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Scott Harn - Editor

Meet Your Moderators

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We are blessed that Chris, Steve, and Dick are helping out as moderators!

 

Chris Ralph, Associate Editor, ICMJs Prospecting and Mining Journal

Chris has been writing for us since 2004, and he took on the role of Associate Editor in 2008. He has experience in small and large scale mining, in both surface and underground operations. Chris has a degree in Mining Engineering from Nevada's Mackay School of Mines. He is an individual prospector who has been prospecting in California, Nevada, Arizona and Alaska for many years, and recently made his first venture into Australia in search of gold. Chris contributes several articles each month, including our "Ask The Experts" column. (View the list of articles Chris has written for the Journal.) He is based in Reno, Nevada.


Steve Herschbach, Contributing Writer

Steve has been prospecting, highbanking, dredging, and metal detecting for gold since the early 70s. He eventually acquired a large placer and hardrock property at Moore Creek, Alaska and has claims at other locations in the state. Lately his prospecting ventures have expanded to Nevada, California, the UK and Australia. His interests have expanded to include gold, copper, silver, platinum, and even meteorites. Steve co-founded a dealership in 1976 that became one of the largest multi-line suppliers of prospecting and metal detecting equipment in the country. He is a respected writer and teacher, and has authored several articles for the Journal. (View a list of articles Steve has written for the Journal.) Steve is based in Alaska.

 

Scott Harn, Editor/Publisher, ICMJs Prospecting and Mining Journal

Scott is a third-generation Editor/Publisher for the Journal, following his father and grandfather. He took over as Editor/Publisher in 1999, though he has been involved with the Journal since the mid-1970s. Scott is a small-scale miner/dredger who has prospected in California, Oregon, Washington and Montana. He authors an article or two each month for the Journal, including the "Legislative and Regulatory Update" column. (View the list of articles Scott has written for the Journal.) Scott is based in Aptos, California.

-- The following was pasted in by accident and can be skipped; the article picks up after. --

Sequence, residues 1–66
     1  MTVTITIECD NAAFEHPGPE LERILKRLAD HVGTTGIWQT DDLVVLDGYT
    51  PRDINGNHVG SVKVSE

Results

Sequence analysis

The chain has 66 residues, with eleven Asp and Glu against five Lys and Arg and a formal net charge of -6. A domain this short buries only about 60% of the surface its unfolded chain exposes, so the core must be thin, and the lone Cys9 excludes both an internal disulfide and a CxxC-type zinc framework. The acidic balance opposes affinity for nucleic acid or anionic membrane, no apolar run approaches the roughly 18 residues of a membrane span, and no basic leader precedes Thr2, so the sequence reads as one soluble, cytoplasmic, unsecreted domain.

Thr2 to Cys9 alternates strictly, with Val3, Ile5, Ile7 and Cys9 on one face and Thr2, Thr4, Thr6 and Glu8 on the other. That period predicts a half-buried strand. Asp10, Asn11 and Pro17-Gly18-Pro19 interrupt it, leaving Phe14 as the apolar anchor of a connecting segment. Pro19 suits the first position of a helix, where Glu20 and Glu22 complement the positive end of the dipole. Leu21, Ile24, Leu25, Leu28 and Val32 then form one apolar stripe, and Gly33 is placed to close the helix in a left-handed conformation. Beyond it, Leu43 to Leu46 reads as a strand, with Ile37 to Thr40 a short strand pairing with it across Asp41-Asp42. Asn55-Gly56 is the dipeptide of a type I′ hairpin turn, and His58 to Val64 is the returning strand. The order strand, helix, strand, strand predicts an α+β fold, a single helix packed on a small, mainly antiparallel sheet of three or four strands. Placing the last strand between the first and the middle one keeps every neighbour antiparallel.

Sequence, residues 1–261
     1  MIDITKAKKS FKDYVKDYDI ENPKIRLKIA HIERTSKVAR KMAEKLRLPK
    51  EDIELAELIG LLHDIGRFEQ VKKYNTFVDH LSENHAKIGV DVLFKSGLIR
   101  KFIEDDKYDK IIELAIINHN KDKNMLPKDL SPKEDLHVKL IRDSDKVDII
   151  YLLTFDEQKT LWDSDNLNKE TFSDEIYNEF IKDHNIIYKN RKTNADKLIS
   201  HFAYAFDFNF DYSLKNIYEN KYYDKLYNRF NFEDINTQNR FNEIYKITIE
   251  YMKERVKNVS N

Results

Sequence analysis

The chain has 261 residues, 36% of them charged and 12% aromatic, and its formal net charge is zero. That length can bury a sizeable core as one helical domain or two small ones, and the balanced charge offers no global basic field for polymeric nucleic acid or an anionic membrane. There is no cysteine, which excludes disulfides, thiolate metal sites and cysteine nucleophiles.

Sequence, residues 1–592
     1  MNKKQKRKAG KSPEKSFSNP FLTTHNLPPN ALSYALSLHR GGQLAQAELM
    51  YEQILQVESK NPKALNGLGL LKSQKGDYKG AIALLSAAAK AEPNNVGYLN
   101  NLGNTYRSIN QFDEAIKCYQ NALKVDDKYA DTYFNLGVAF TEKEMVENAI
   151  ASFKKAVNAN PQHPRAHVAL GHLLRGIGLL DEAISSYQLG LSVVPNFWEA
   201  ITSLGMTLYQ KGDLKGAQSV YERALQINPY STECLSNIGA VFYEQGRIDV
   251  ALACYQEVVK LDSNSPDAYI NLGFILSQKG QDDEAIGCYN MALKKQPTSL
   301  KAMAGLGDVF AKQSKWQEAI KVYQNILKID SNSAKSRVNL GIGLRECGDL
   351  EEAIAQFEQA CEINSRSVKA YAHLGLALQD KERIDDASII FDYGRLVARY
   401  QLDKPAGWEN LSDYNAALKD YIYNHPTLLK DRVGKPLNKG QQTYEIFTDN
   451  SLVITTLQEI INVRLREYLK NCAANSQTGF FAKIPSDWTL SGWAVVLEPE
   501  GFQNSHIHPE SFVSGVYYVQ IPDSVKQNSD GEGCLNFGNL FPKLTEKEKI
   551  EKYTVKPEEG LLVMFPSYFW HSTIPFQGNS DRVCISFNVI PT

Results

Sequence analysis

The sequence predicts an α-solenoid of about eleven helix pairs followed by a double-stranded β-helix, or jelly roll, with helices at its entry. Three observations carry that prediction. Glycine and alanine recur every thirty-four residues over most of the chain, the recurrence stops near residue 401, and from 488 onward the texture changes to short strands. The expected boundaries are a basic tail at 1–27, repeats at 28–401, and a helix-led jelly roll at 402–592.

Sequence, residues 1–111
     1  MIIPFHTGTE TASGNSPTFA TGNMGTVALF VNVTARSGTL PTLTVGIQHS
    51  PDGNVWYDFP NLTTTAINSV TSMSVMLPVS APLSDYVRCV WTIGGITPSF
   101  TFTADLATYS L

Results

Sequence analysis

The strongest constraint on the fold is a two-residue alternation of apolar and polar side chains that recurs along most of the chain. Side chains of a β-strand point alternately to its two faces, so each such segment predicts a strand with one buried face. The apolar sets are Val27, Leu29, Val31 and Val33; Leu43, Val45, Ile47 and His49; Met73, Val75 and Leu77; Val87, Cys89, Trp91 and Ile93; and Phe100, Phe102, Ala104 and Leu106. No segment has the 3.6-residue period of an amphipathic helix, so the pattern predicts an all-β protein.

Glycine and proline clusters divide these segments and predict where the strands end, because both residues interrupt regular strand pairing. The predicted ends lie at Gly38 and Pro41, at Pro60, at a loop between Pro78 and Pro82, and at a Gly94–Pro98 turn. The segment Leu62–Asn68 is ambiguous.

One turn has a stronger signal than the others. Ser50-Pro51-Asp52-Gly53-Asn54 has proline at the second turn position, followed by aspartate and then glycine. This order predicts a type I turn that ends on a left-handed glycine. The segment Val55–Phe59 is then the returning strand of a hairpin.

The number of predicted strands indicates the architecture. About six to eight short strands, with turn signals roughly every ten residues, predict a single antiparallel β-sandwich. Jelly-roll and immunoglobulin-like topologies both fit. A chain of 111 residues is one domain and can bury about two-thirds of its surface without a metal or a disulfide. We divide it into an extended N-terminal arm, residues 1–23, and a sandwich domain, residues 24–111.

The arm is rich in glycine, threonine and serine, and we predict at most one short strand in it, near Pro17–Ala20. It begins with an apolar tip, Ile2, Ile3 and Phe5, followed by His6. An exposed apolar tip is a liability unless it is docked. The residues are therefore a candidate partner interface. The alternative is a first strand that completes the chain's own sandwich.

Dick Hammond (aka: chickenminer)

Dick has been a year-round resident of the remote little town of Chicken, Alaska for over 40 years. His entry into mining started as a youngster pulling rocks down a sluicebox for his grandfather, a start that just naturally turned into a career as a commercial placer miner in Alaska's historic Fortymile Mining District.  He has fabricated much of his own mining equipment including trommels and shaker plants.  His interests are varied, including winter prospecting, rockhounding, lapidary and just about all aspects of the placer industry.

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Thank you for creating this great Forum... I had the pleasure of meeting Chris Ralph at the Salem Oregon Gold Show and have read many of the articles by Steve, Chris, And the other great Prospectors who publish in the Best Magazine available... My only Complaint is that Chris, Steve, and some of the others are Having WAY to much fun out and about while I sit here at this Wretched PC... I gotta Get Out on the Rivers More... lol... Wishing all the Best Prospecting... R Jim

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Moderators, I was wondering what the 0 warning points means below my picture. I don't see anyone else that has that. And its in red. Red isn't good haha.

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Are ya all going to add a legal advice section, or something along those lines? I know you can't give legal advice but something to help point us is in the right direction. My situation is I live in Idaho and can't find anyone to help or point me down the right path on this new EPA permit, and it seems the local clubs are rolling over for it.

Don't know if any of you have read it but 41 pages wow, they took areas that had been open year around and cut them to 84 four hour days on a first come first serve permit.

To and to that you had a little over 30 days to put in for the permit to work the area, so lots of claim owners that had know idea of the time frame have lost the right to work claims they legally own. How can they fight to get on their claims? Beings the ninth circuit Supreme court ruled over some of the things in this permit doesn't make the permit as a whole a waste of paper?

Thanks

Ken

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I doubt you'd see a formal legal advice section - for the very reason you point out - we are not lawyers and if we give legal advice we can get sued for it. The problem with taking on the EPA is that its not a part-time do-it-yourself project for small miners. The EPA has armies of lawyers, and if you are going to fight them, you need a good lawyer yourself.

 

I know exactly how ridiculous and unfair it is. I used to dredge in California, and we've been fighting that battle in the courts for years, and I still cant dredge. No actual damage has ever been proved from dredging, its just that a bunch of ignorant tree huggers figure small miners are an easy target and in general we are because we lack the multi-million dollar resources of the fat, big money environmental organizations and the EPA. I  wish I had better news, but perhaps you and some other claim owners can band together to hire a lawyer. - Just an idea.

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